Vidit Chugh

I still remember the day I woke up in the morning and listened to my gut to start afresh. But for all that I know, I’d always grappled with my inner self due to my sexuality and gender. I now openly identify as pansexual and gender-fluid, but the journey to reach this good happy place has been a bumpy ride!

Given the stigma around the LGBTQIAP+ community, especially in India, the environment was never in my favor. As a kid, I was bullied for having the said “feminine” qualities such as dancing, drawing, sensitivity, and meekness. Creativity was the centerpiece of my heart; I automatically got attached to art and its exquisite forms. More often than not, I was shunned for pursuing these. It made me gaslight myself, and I began suppressing my emotions just to fit in. I used to love dancing but only did it alone in showers, away from prying eyes of people and their judgements. Having to pretend and maintain a persona catered to the obsolete gender norms of society was a traumatic ordeal, mostly because I had to shut the door to my feelings. I tried so hard but all I felt was misery. 

I went into depression in my second year of college but gradually realized I was compromising my mental health by denying my honest expression. I eventually started reading more about all kinds of genders and sexuality spectrums. It helped me to discover I was pansexual and to accept myself. I had to toss out an entire foundation to deal with my identity crisis. But the phobia outside and gender dysphoria inside me led to thoughts of suicide. In 2018, when homosexuality was decriminalized (referring to IPC 377), I saw a glimmer of light in the dark. I’d still concentrate on anything else until the pandemic put everything on pause and I had nothing but time to introspect and confront my turmoil. I was spreading positivity last year by making videos and my youtube channel has over 24000 views now! All this while, I was off social media and the distance from the lens of society allowed me to dig deeper into myself. 

The first person I came out to was my best friend in pride month of 2020. He has been incredibly supportive and is simply the best! I wanted to come out to the world but it took me almost a year to be ready. My peace of mind was essential, but so were my interpersonal relationships. I faced a lot of anxiety and stress daily regarding how everyone would react. As much as working at Cisco had seemed perfect before, I was unable to get satisfaction with my job. So last year, when I was helping my friend fill his CAT form, I too decided to give it a shot. And guess what? I passed with flying colors and earned a seat at IIM-A! Although clearing a competitive exam has very little to do with my sexual orientation, this milestone gave me confidence that I’d lost over the years. I garnered the courage to turn around my life and live truly as I am, never leaving it up to others’ expectations.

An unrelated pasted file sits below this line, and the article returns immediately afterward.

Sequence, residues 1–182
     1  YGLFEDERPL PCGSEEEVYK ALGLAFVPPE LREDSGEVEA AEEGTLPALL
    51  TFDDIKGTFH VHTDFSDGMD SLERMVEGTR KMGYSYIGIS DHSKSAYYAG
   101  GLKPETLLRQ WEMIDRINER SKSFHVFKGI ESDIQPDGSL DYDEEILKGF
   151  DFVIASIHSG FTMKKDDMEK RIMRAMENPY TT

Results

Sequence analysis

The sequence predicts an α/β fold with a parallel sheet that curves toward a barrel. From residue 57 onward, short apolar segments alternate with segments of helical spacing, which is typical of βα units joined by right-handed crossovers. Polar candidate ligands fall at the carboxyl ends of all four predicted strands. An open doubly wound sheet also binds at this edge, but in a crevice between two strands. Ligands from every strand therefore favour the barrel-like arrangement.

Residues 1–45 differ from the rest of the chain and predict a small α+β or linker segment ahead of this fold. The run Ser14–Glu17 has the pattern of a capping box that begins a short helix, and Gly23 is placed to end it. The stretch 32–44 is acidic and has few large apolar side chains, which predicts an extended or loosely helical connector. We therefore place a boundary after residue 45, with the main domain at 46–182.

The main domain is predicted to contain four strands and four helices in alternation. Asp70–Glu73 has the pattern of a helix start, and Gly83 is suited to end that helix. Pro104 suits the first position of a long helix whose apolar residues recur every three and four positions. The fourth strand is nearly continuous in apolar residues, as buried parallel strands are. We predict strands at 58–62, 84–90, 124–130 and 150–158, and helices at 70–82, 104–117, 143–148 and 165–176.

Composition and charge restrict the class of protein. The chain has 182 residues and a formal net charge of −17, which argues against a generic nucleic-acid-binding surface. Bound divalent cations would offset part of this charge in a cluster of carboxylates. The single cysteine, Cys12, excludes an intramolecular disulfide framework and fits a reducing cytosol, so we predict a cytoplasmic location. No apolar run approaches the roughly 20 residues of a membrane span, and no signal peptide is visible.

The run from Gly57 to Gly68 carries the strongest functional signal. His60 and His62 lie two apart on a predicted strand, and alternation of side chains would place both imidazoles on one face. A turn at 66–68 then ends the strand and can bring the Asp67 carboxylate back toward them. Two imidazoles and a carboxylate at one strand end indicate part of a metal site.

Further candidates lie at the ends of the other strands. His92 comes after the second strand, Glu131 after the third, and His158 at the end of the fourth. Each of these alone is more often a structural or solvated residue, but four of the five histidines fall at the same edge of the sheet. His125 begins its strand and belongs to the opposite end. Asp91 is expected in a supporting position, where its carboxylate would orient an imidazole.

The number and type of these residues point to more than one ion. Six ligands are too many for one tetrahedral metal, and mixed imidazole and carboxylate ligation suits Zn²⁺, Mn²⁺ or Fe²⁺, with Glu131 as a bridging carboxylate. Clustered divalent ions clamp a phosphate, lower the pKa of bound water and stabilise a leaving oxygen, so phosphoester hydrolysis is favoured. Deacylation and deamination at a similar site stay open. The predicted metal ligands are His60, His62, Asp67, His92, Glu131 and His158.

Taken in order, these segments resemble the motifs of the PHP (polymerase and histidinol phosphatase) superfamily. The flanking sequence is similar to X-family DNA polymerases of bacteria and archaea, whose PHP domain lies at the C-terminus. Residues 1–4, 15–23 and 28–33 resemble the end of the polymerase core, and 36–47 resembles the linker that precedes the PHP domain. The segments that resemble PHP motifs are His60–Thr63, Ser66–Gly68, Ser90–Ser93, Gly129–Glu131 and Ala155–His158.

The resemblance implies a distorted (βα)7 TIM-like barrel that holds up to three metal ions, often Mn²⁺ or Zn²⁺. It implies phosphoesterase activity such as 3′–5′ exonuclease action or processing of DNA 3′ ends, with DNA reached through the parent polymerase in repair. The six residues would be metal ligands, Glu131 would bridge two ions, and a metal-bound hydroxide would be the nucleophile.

It was then I chose to tell my story. I wasn’t prolonging the calm before the storm of “coming out” as I’d thought earlier; living in the closet was rather the eye of the storm. I could breathe once I told my parents, close friends and bravely to the world at last. I was no longer misunderstood and the love people I cared about had for me remained the same. I’d gladly trade all the trophies I’ve won to win this battle against stereotypes sooner and get back the years I wasted hiding my queerness but I’m optimistic about the future. Coming out isn’t a moment of spontaneity, it’s something I have to do again and again to anyone I meet over the course of my life but I’ve got the strength and I’m proud to share my truth.

This rollercoaster has been a rainbow of sentiments for me. Was it all worth it? Without a flicker of doubt, it was! The knowledge of the spectrum is so limited that it is heartbreaking to see people struggling just to find permission to be themselves for something that is ideally normal. But times are changing, and I hope to contribute to change the times to be more inclusive and kinder. I believe the greatest gift you can give to others and you is freedom to show one’s real reflection.

Total Work Experience : 3 Years (Cisco)

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